I got my first Sabbat Box and I am so excited to share the contents with you guys today! I first heard of Sabbat Box on the blog Witchy Words about a year ago and have been waiting patiently ever since for the subscriptions to open back up. Then, low and behold, in December Sabbat Box opened up their subscriptions for a few weeks and I was just able to squeeze myself onto the list. Now, here we are, celebrating Imbolc and I finally have my first box!
For those who aren’t aware (or haven’t clicked the links in the previous paragraph by now), Sabbat Box is a subscription box, much like ipsy, Birch Box, or Loot Crate, that is geared toward pagans and wiccans. The boxes are shipped out before every sabbat and are full of items that will help you celebrate the turning of the wheel.
Before we get into the contents, I want to take a few seconds to talk about the outside of the box. I’ve gotten subscription boxes in the past that came with the name of the subscription plastered all over the outside of the box. Since I moved back in with my parents (which happens to be in South Central Texas, aka conservative land) shortly after thanksgiving last year, I was nervous about a box with “SABBAT BOX” and “a subscription box for wiccans and pagans” in large black print all over it showing up in the mailbox for my father and brother to see leading to the uncomfortable conversation that I’m not entirely ready for. I was absolutely relieved to discover the box was very discreet. “Sabbat Box” doesn’t show up anywhere, not even in the return address. So those of you who aren’t out of the broom closet just yet, or live in a generally conservative area, don’t worry, your secret is safe with Sabbat Box.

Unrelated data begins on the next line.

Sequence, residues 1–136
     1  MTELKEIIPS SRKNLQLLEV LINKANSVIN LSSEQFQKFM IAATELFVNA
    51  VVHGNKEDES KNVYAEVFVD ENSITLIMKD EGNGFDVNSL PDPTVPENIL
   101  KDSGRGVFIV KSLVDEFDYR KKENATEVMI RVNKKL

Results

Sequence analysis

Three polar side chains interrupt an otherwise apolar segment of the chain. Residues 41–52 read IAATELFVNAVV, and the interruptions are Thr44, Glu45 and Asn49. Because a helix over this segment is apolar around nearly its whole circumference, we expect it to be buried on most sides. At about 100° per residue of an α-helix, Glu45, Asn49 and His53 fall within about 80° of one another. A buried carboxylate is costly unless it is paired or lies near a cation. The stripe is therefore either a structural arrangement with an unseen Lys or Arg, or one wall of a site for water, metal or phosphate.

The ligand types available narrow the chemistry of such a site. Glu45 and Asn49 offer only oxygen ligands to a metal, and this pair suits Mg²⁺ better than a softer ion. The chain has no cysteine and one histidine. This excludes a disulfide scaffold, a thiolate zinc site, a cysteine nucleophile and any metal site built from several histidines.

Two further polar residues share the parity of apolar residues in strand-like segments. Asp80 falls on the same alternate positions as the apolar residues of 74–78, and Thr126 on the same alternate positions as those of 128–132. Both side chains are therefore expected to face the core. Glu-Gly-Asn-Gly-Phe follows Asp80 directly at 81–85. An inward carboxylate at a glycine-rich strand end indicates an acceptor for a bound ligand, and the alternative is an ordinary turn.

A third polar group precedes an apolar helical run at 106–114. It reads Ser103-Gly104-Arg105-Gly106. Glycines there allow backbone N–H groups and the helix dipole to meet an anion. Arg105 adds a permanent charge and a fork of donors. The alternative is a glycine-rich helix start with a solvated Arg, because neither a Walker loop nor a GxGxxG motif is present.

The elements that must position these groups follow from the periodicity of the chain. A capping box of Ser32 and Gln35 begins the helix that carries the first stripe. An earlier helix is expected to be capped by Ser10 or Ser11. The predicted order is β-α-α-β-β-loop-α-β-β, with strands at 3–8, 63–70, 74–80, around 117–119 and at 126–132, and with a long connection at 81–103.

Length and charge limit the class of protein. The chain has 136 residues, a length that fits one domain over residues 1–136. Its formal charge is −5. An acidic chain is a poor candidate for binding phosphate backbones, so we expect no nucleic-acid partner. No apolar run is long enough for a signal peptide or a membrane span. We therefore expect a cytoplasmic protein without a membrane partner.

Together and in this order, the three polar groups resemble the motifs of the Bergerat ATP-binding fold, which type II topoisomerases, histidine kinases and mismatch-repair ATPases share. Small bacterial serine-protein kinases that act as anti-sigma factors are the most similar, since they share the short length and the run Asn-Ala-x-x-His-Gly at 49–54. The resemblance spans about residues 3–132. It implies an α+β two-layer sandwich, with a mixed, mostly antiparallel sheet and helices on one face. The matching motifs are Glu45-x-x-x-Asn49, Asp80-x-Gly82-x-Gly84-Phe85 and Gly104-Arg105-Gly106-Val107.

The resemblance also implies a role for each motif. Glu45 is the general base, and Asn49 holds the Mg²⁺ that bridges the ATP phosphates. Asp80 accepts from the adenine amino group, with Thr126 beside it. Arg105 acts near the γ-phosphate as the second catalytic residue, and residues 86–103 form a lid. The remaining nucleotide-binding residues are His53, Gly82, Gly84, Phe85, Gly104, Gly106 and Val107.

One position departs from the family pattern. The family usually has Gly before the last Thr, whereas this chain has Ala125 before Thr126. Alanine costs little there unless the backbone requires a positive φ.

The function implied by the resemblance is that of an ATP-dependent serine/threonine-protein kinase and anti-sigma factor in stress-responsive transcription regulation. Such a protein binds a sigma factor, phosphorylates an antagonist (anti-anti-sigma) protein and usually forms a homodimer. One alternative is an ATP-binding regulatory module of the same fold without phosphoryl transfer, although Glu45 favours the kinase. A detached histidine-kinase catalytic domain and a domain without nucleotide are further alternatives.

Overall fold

Each box comes with an awesome and handy pamphlet that details not just all the items that are included in the box, but also information about the sabbat and a handy correspondence chart. The theme for Imbolc is “Nature’s Renewal”. Imbolc was historically observed by the Gaels halfway between the winter solstice and the vernal equinox, which is February 1st on the Gregorian calendar. Imbolc is sometimes referred to as Imbolg (the Old Irish form of the word), Brigid’s Day, and Candlemas. Traditionally, this cross quarter sabbat celebrated the Celtic goddess, Brigid, though overall the holiday today celebrates the movement from winter in to spring and the return of the sun. The elements associated with Imbolc are fire and air, and the symbols are Brigid’s cross, the sun, spirals, and corn dolls.
Every Sabbat box comes with one of the books from Llewellyn’s new Sabbat Essentials series. I’ve read the Yule book in this series and I was honestly really impressed by it. I’ve gotten Llewellyn’s Almanacs in the past and I felt that not only was the information a bit thin, but it was also pretty wiccan heavy. These books are the absolute opposite. Each book is around 200 pages of information per sabbat. They go into historical traditions and how those traditions have changed over time. They include recipes, spells, even an awesome list of correspondences. The ritual section even includes different variations so the reader can tailor the rituals to fit their beliefs or number of participants. There are even examples for solitary practitioners. These are awesome books, especially if you’re still learning like myself.
The next item in this box is the Sun’s Eye Brigid Deity Ritual Oil. I don’t have a lot of experience with oils, but it’s on my list of pagan things to learn. According to the pamphlet, Brigid, much like Imbolc, represents transformation and new beginnings. Using this ritual oil, which is made with rowan berries, can help “banish what no longer serves you and to embrace what is to come.”